Says Scodelario: "There's a natural mistrust between Teresa and Brenda, but I was very passionate about not making it girl-hates-girl. I don't think that rivalry makes any sense. It's not the warmest relationship, but it's definitely not a rivalry and there's no tension between them as people."
Maze Runner: The Scorch Trials is undoubtedly the biggest role Salazar has landed to date, but her career has developed swiftly, with standout performances in the likes of American Horror Story and Parenthood.
It was high school drama that instilled in Salazar the drive to become an actress. When the news broke about her casting in the latter television show, she remembers an email from an old teacher that read, "I'm so happy you're alive." The teenage Salazar was an unruly student. "Everything was an escape for me when I was younger," she reflects. "I had a tumultuous home life thanks to the unsavoury characters my mom would marry. My brother just sort of evaded and my dad lived far away, so I was left alone. I never thought it would end up like this."
She was faced with two stark choices: "I thought, OK, I'm either going to start doing hard drugs, get pregnant and just be here living some kind of life, or I can actually give it a go. And it was actually easier for me, because I'd faced a number of deep, emotional issues in my life, to go, 'Well, I've got nothing to lose.'"
She had been skipping school regularly, and getting ready to drop out without her diploma when her drama teacher, Bob Garman, sat her down. "He said, 'What are you doing? You're so stupid; smoking cigarettes and skipping classes.' I really, really liked his class and I didn't even know why at the time. He said, 'What's going on with you?' And he actually listened to me. This one person sat me down and asked me questions instead of just yelling."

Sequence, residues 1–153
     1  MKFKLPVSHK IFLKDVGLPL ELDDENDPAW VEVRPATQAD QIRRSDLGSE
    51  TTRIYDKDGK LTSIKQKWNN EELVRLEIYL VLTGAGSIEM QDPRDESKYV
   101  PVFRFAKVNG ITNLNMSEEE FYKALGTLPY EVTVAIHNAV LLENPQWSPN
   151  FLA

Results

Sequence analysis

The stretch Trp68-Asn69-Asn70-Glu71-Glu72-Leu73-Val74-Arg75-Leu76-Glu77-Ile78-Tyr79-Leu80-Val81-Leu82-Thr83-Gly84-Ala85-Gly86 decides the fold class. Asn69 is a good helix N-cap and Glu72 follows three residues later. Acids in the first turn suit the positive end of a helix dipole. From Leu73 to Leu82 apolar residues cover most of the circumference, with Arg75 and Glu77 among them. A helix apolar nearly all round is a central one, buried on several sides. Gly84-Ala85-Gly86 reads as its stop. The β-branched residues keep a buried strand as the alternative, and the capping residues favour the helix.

Garman encouraged Salazar to try out for the after-school improv team, and after initially being amused by her fellow students' auditions, she was soon won over, and aced her own piece. "I have Bob Garman to thank for that thrust into acting, and there are lots of Bob Garmans along the way. People who paid for classes when I couldn't, and people who gave me jobs."
All of this life experience is reflected in Brenda, and doubtless informed the filmmakers' casting decision. "I hadn't heard the name Rosa Salazar before her audition," admits Godfrey. "But in her audition she blew us away. She's this force of energy and she very much encapsulates Brenda's spirit."
Salazar is aware, she says, of the intense fan interest in her casting, and feels the responsibility of doing right by the character. And she's well aware that there are question marks over her short haircut. "In the book Brenda is introduced as a girl with long, brown hair," she explains. "And trust me, the fans have let me know about that part of the book, because they've been reaching out on Twitter."
But she's sure they'll like the result. "When they see the movie it'll make sense. She's very no-nonsense as a character, and this haircut is very no-nonsense. There's nothing to hide behind. Before this summer I had long hair down to my waist, and I would hide my face a little bit and have this kind of grungy attitude. When you chop it all off, it's like, there's your face, and that's it."
So passionate was Salazar to create the perfect Brenda that she spent lots of time working with the costume department on her look. "Everything from the way I run to the way I jump, the jacket we chose informed that. It flows and has a femininity to it."
The completed look reflects one of her sci-fi heroines - Sigourney Weaver in Alien 3. "I also loved Noomi Rapace in Prometheus. She's such a badass in that movie. I'm a huge sci-fi fan and a fan of badass women. Sigourney Weaver was my number one influence. I wanted to be that, and I wanted to kick ass and still be feminine while doing it."
As she goes for another take on set, she appears to have figured out how to get there.
By Joe Utichi - www.joeutichi.com
Maze Runner: The Scorch Trials is out now on Digital HD and out on Blu-ray & DVD 1st February